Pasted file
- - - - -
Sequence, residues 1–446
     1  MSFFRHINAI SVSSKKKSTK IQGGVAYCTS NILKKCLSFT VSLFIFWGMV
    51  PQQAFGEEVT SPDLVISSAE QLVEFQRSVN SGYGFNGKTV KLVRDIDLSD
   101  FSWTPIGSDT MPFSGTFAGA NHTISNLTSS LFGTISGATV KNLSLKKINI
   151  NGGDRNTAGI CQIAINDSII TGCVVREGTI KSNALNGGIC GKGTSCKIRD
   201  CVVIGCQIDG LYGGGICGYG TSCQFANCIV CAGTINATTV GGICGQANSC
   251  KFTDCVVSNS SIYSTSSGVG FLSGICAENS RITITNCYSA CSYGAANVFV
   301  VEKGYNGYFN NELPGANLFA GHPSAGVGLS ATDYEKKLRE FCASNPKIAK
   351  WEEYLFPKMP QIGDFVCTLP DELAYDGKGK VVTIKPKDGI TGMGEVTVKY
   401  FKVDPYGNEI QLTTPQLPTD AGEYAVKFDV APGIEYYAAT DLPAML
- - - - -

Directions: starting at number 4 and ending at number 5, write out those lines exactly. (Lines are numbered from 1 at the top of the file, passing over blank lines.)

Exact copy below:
   101  FSWTPIGSDT MPFSGTFAGA NHTISNLTSS LFGTISGATV KNLSLKKINI
   151  NGGDRNTAGI CQIAINDSII TGCVVREGTI KSNALNGGIC GKGTSCKIRD